Ilan Goldenberg has an accurate assessment of John McCain’s latest negative ad–it’s hard to keep up–over at Democracy Arsenal today.
And David Ignatius, writing from Damascus, implicitly lays down a significant test for McCain: Bashar Assad wants direct peace talks with the Israelis, under the sponsorship of the United States and France. Assad has been sending these signals for years–he told me that he wanted direct talks two years ago–but the foolish U.S. policy of near-nonrecognition (we pulled our Ambassador from Damascus because of Syria’s complicity in the February 2005 assassination of Rafik Hariri in Beirut.
In addition to the obvious benefits to Israel of diplomatic recognition–and the less obvious benefits of reduced Syrian support for groups like Hamas and Hizballah, which would be an Israeli condition for any deal–these negotiations would have the additional benefit of putting some pressure on Iran: If Syria seems to be edging out of its orbit, Iran may feel more isolated–and more willing to open a real channel of negotiations itself. Of course, we can’t know any of those things if we don’t, at least, try to talk. It will be interesting to see if Condoleezza Rice trumps Dick Cheney on this issue.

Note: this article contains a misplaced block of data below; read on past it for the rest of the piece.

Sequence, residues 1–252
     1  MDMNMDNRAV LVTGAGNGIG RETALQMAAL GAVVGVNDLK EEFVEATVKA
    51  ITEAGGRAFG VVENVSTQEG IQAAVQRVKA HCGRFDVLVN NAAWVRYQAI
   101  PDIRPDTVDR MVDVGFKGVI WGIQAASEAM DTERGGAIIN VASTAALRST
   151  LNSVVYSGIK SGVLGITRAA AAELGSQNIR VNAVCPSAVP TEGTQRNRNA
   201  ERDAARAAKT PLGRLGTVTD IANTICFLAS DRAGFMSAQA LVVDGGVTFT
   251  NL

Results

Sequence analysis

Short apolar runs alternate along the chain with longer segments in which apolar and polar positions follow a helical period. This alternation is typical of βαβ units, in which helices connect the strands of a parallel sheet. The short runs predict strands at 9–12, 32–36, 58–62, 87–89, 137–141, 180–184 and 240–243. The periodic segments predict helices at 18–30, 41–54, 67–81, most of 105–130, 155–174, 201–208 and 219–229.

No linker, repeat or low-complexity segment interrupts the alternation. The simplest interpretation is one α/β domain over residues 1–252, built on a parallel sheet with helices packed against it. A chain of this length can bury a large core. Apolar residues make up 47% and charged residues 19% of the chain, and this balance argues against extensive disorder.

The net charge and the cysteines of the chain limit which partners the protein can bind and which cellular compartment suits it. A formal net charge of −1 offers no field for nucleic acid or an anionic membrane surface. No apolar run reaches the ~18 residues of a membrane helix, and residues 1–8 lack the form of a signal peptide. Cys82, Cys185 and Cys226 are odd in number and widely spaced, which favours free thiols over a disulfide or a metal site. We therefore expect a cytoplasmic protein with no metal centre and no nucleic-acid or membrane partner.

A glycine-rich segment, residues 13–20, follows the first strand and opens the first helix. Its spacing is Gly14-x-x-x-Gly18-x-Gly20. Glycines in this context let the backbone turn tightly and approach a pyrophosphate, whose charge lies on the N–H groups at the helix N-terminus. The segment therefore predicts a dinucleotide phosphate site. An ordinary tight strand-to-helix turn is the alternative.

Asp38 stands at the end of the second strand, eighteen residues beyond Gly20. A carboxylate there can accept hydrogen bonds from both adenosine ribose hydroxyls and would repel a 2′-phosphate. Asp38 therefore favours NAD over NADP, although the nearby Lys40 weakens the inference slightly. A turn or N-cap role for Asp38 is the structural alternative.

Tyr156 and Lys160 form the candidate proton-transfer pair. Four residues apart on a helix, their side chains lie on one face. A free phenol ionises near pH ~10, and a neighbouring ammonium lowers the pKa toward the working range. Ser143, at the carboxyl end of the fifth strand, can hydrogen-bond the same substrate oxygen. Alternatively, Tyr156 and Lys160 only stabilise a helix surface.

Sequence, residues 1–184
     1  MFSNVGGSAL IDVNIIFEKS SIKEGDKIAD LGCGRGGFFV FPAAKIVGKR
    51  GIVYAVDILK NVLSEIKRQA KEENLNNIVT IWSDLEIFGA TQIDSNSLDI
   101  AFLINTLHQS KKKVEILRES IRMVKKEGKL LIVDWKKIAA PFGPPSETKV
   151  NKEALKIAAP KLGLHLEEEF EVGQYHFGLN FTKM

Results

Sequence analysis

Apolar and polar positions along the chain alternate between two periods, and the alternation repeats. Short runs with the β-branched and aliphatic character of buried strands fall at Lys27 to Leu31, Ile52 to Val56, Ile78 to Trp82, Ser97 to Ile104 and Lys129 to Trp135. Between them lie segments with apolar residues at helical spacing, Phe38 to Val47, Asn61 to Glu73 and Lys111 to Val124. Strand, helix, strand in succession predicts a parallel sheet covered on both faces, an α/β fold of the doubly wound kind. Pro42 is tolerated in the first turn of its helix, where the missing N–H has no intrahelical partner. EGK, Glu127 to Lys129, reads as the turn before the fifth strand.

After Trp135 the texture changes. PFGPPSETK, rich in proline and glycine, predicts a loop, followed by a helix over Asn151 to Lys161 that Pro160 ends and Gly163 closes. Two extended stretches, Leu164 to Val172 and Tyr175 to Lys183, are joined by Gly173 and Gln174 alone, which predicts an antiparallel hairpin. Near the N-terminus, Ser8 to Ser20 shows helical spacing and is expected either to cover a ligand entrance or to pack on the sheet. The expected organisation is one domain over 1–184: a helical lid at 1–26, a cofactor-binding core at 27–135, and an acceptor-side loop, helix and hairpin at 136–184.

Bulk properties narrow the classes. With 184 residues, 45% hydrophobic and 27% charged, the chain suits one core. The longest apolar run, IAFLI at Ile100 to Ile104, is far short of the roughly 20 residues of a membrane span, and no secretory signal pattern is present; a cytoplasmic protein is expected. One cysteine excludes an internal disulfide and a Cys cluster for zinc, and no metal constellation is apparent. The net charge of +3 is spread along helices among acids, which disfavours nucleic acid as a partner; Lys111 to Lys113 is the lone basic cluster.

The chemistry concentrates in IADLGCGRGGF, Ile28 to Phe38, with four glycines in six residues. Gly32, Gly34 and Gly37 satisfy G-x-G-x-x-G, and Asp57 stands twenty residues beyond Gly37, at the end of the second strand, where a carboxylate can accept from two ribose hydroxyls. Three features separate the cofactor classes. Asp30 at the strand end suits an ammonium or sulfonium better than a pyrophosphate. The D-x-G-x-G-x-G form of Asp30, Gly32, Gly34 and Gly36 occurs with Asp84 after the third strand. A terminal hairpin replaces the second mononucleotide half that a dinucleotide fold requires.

The question is: How does John McCain feel about all this? His statements about Syria have been as bellicose and intractable as his statements about Iran. His Likudnik neoconservative supporters are totally opposed to any Syria deal–as is often the case, they’re way to the right of the Israeli government. This seems a no-lose proposition, though: If Israel wants to talk to Syria, why wouldn’t John McCain?